|Synthetic rope was nominated for deletion. The discussion was closed on 14 November 2018 with a consensus to merge. Its contents were merged into Rope. The original page is now a redirect to this page. For the contribution history and old versions of the redirected article, please see its history; for its talk page, see here.|
|WikiProject Transport / Maritime||(Rated C-class, Mid-importance)|
|WikiProject Materials||(Rated C-class, Mid-importance)|
|Rope has been listed as a level-4 vital article in Technology. If you can improve it, please do. This article has been rated as C-Class.|
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|Text and/or other creative content from this version of Synthetic rope was copied or moved into Rope with this edit. The former page's history now serves to provide attribution for that content in the latter page, and it must not be deleted so long as the latter page exists. The former page's talk page can be accessed at Talk:Synthetic rope.|
|The contents of the Fiber rope page were merged into Rope. For the contribution history and old versions of the redirected page, please see ; for the discussion at that location, see its talk page.|
- 1 Endless Loop
- 2 Punitive uses of Rope
- 3 Attribution of authorship
- 4 Cordage
- 5 Hawser
- 6 Request
- 7 Plagiarism?
- 8 Dennis the Menace
- 9 handling
- 10 Compressive Strength?!
- 11 Later history
- 12 Edit reverted on July 3rd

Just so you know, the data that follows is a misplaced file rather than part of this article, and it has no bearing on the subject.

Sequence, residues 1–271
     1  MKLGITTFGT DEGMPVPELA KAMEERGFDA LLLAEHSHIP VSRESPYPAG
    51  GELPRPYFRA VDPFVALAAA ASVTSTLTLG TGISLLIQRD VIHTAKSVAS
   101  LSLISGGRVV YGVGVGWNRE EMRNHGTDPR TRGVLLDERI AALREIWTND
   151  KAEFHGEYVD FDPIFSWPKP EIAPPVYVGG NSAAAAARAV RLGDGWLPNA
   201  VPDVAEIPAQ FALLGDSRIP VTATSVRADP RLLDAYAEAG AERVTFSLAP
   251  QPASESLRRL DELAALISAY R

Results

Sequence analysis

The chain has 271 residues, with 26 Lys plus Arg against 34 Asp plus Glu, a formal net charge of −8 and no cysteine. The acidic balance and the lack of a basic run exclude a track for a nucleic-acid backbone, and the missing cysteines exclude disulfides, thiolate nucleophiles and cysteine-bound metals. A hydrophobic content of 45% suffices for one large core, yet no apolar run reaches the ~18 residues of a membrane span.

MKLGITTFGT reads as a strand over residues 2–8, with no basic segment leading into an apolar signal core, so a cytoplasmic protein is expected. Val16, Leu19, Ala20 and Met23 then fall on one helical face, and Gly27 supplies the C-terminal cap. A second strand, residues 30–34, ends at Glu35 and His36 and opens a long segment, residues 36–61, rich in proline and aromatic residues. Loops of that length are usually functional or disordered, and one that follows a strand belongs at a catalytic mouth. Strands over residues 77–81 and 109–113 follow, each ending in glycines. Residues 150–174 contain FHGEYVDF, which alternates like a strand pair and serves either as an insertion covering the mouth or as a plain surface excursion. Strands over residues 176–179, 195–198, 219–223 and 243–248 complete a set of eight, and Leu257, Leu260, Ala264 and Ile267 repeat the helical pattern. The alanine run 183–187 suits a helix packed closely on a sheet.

- 13 Measurement of rope
- 14 Semi-protected edit request on 11 October 2018
- 15 Semi-protected edit request on 19 December 2018
At the beginning of the rope article, we are told that rope is a 'linear collection of yarns'; the yarn article tells us that yarn is a 'continuous length of interlocking fibers', and the article for fibers tells us that Fiber is a rope. Without outside knowledge we can't actually find out what any of them are. 220.127.116.11 (talk) 19:06, 25 October 2013 (UTC)
Punitive uses of Rope
I don't think this section is appropriate for this article. There are no other sections of this article devoted to other uses of rope, so why should there be a section on punitive uses? There are too many specific uses of rope to discuss each in this detail. I preserved a link to flogging and added some material from here to that article. --John.james 22:30, 15 June 2007 (UTC)
The section on "How to handle rope" was originally written by User:18.104.22.168. It was merged into Rope from How to handle rope by Evil saltine. Just to let you know. -- Oliver P. 06:51, 8 Oct 2003 (UTC)
This article is correct as far as it goes, but would be better titled by the more inclusive term cordage, which includes similar stranded objects such as twine, string, and thread. Or, perhaps, another article titled cordage should be produced. Too Old 00:23, 2005 Feb 12 (UTC)
A hawser is a rope used for nautical purposes, specifically for mooring lines, regardless of thickness.
I came here hoping to find a lead on what strength ratings are used to grade ropes - anyone got some material on that they could add? User:Adhib
- I'm planning to bring this article up to FA or at least GA status, and the materials I have accumulated so far include some information on that. Check back in the next few weeks. Mstroeck 16:49, 8 May 2006 (UTC)